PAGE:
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VTE in Surgery

Major surgery is one of the well-recognized risk factors for VTE. Surgery within the last 45–90 days confers a 4- to 22-fold increase in the risk of VTE.1

Patients undergoing both elective and emergency surgery are recognized to be at very high risk of post-operative VTE.2 The prevalence of objectively-diagnosed DVT in surgical patients not receiving prophylaxis ranges from 10–80%, depending on type of surgery.

For patients undergoing general, vascular, gynaecologic, urologic, or laparoscopic surgery, DVT occurs in 15–30% of the cases.2 In orthopaedic surgery (hip or knee arthroplasty and hip-fracture surgery) the risk of DVT is 41–85% and of PE is 0.9–28%.2 Patients undergoing neurosurgery are known to be at moderately increased risk of postoperative VTE, which is approximately 22%.2 While in patients with severe trauma or spinal cord injury the rates are high as 40–80%.2

Data from a Spanish computerized registry of over 6,000 patients with VTE (RIETE) noted that 14% of subjects with some risk factors for VTE had undergone recent surgery. It was noted that 33% of at-risk surgical patients who went on to develop VTE had not received prophylaxis.3

The Global Orthopaedic Registry (GLORY) showed that cumulative incidence of VTE within 3 months of surgery was 1.7% in the total hip replacement (THR) and 2.3% in the total knee replacement (TKR) patients. The mean times to VTE were 21.5 ± 22.5 days for THR, and 9.7 ± 14.1 days for TKR. Of those who received recommended forms of prophylaxis, 26% of THR and 27% of TKR patients were not receiving it seven days after surgery, the minimum duration recommended at the time of the study.4

The fact that many cases of VTE do not emerge until after patients are discharged contributes to an under-appreciation of the problem. Physicians may be unaware or unfamiliar with the guidelines, or find them difficult to implement, given current resources. Some physicians may not perceive VTE as a significant problem, or consider VTE prophylaxis to be ineffective or associated with a risk of bleeding.5

There is an emerging literature hinting at reasons why surgical patients do not receive adequate prophylaxis despite their known risks for VTE. Although studies from the US suggest that 75% or more of high-risk surgical patients are given prophylaxis, in only 50% of cases is this prophylaxis appropriate in accord with current guidance on choice of antithrombotic agent, dose, and duration of therapy.6,7 In Spain, only 70% of orthopaedic and 58% of general surgical patients receive prophylaxis according to guidelines.8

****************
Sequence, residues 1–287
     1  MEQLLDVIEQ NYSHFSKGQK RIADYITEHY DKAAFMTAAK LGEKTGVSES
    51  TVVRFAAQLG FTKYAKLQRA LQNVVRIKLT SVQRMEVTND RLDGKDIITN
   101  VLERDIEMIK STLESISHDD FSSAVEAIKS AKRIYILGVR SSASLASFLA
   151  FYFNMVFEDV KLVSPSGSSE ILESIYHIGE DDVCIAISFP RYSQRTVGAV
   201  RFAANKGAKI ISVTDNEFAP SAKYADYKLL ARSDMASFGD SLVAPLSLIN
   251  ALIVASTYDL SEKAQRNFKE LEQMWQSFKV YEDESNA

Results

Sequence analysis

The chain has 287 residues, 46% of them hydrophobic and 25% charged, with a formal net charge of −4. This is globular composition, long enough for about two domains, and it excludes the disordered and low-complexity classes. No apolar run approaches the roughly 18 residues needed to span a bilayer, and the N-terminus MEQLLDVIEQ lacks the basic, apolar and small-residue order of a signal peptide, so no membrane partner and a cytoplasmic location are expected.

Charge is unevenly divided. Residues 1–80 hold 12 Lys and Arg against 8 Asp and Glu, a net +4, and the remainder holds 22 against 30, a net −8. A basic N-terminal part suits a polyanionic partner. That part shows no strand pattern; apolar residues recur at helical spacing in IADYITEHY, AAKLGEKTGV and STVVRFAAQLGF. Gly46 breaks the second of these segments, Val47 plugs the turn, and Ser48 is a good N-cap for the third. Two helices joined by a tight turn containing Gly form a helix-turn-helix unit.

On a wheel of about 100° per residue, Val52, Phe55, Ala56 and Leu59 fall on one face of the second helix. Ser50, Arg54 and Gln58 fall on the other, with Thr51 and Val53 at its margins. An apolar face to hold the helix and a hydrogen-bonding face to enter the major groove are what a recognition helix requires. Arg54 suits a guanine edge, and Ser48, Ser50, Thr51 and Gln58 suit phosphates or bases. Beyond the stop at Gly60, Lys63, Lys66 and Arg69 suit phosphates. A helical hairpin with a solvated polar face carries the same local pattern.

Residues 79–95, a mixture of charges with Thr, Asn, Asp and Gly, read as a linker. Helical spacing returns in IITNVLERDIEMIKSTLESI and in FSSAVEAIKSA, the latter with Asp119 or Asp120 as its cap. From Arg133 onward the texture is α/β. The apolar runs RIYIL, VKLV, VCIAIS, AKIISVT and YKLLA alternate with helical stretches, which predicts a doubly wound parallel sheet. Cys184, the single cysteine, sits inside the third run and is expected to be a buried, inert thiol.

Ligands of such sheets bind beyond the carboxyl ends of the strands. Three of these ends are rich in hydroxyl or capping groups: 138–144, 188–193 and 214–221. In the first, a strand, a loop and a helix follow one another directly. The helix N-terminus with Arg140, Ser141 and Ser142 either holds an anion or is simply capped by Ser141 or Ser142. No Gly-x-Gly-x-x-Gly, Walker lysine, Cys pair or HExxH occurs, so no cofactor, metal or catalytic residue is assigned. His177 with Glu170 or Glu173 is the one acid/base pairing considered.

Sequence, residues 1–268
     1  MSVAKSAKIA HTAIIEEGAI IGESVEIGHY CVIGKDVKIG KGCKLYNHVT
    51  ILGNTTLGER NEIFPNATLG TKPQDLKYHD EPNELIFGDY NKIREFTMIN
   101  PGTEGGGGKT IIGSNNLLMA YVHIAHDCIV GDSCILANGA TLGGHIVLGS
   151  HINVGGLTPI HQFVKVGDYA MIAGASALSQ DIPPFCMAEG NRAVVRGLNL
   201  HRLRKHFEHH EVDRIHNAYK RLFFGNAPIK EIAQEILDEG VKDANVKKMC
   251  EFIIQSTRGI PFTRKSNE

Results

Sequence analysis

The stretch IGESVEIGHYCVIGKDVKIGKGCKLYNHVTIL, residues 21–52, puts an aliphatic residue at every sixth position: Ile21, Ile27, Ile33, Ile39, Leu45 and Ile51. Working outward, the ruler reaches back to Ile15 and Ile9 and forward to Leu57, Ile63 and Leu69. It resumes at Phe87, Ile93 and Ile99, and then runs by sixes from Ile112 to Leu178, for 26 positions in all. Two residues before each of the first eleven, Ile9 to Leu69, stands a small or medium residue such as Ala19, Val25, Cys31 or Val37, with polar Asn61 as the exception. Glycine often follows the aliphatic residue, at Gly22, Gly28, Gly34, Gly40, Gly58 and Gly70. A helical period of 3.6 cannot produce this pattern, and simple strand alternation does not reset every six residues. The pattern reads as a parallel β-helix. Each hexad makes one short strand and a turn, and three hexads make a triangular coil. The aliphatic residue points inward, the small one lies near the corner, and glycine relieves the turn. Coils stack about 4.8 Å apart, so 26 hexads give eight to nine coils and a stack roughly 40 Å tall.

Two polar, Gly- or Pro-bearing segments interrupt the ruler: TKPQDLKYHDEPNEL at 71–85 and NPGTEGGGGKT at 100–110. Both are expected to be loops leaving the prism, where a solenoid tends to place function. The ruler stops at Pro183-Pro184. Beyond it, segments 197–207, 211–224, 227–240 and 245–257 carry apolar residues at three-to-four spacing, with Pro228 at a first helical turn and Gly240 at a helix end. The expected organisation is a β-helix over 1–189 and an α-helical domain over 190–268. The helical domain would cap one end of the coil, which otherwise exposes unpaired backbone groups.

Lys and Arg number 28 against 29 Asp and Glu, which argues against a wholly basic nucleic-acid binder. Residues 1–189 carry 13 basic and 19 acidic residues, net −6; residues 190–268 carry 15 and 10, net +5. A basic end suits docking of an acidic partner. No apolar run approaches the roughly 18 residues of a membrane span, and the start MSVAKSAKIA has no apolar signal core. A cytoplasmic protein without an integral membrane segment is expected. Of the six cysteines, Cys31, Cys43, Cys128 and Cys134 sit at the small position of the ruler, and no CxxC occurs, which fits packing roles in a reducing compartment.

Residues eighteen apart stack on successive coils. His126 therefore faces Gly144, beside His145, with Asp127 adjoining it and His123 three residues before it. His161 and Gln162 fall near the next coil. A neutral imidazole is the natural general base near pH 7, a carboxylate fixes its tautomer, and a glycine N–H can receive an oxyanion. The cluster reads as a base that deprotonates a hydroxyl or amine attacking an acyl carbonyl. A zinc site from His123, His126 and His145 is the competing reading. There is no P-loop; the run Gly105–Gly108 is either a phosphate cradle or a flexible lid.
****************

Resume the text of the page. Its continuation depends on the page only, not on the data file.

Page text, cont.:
There is a wealth of evidence-based medicine in support of the benefits and good safety profile of antithrombotic prophylaxis in patients undergoing surgery. The 7th ACCP guidelines recommend for use of LMWH or LDUH in moderate-to-high-risk general surgical patients (Grade 1A) and in vascular (Grade 1C+), gynaecological (Grade 1C+, Grade 1A), urologic (Grade 1C+, Grade 1A), and laparoscopic (Grade 1C+) surgery patients. Furthermore, LMWH, fondaparinux, or adjusted dose of VKA (Grade 1A) are recommended for prophylaxis in elective hip and knee arthroplasty.2 In patients undergoing neurosurgery, LDUH or postoperative LMWH are recommended as prophylaxis (Grade 2B, Grade 2A). For trauma (Grade 1A) and spinal cord injury (Grade 1B) patients, the guidelines recommend the use of LMWH as prophylaxis.

References

  1. Samama MM, Dahl OE, et al. Quantification of risk factors for venous thromboembolism: a preliminary study for the development of a risk assessment tool. Haematologica. 2003;88:1410-21.
  2. Geerts WH, Pineo GF, et al. Prevention of venous thromboembolism: the Seventh ACCP Conference on Antithrombotic and Thrombolytic Therapy. Chest. 2004;126(3 Suppl):338-400S.
  3. Monreal M, et al. The outcome after treatment of venous thromboembolism is different in surgical and acutely ill medical patients. Findings from the RIETE registry. J Thromb Haemost. 2004;2:1892-8.
  4. Warwick D, Friedman RJ, et al. Insufficient duration of venous Thromboembolism prophylaxis after total hip or knee replacement when compared with the time course of thromboembolic events. J Bone Joint Surg. 2007;89-B:799-807.
  5. Kakkar AK, Davidson BL, et al. Compliance with recommended prophylaxis for venous thromboembolism: improving the use and rate of uptake of clinical practice guidelines. J Thromb Haemost. 2004;2:221-7.
  6. Stratton MA, Anderson FA, et al. Prevention of venous thromboembolism: adherence to the 1995 American College of Chest Physicians consensus guidelines for surgical patients. Arch Intern Med. 2000;160:334-40.
  7. Tapson VF, Hyers TM, et al. Antithrombotic therapy practices in US hospitals in an era of practice guidelines. Arch Intern Med. 2005;165:1458-64.
  8. Otero R, Uresandi F, et al. Use of venous thromboembolism prophylaxis for surgical patients: a multicentre analysis of practice in Spain. Eur J Surg. 2001;167:163-7.
 
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